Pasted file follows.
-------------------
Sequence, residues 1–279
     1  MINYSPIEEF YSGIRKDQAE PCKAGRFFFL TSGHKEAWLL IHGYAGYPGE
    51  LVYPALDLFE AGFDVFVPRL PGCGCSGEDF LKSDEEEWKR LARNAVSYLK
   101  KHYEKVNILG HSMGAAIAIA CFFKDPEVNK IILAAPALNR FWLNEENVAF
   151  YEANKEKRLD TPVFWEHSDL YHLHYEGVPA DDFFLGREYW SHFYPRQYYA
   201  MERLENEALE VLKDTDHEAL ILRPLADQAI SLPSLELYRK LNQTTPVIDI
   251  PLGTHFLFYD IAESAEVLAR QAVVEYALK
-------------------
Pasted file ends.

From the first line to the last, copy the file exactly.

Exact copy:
Sequence, residues 1–279
     1  MINYSPIEEF YSGIRKDQAE PCKAGRFFFL TSGHKEAWLL IHGYAGYPGE
    51  LVYPALDLFE AGFDVFVPRL PGCGCSGEDF LKSDEEEWKR LARNAVSYLK
   101  KHYEKVNILG HSMGAAIAIA CFFKDPEVNK IILAAPALNR FWLNEENVAF
   151  YEANKEKRLD TPVFWEHSDL YHLHYEGVPA DDFFLGREYW SHFYPRQYYA
   201  MERLENEALE VLKDTDHEAL ILRPLADQAI SLPSLELYRK LNQTTPVIDI
   251  PLGTHFLFYD IAESAEVLAR QAVVEYALK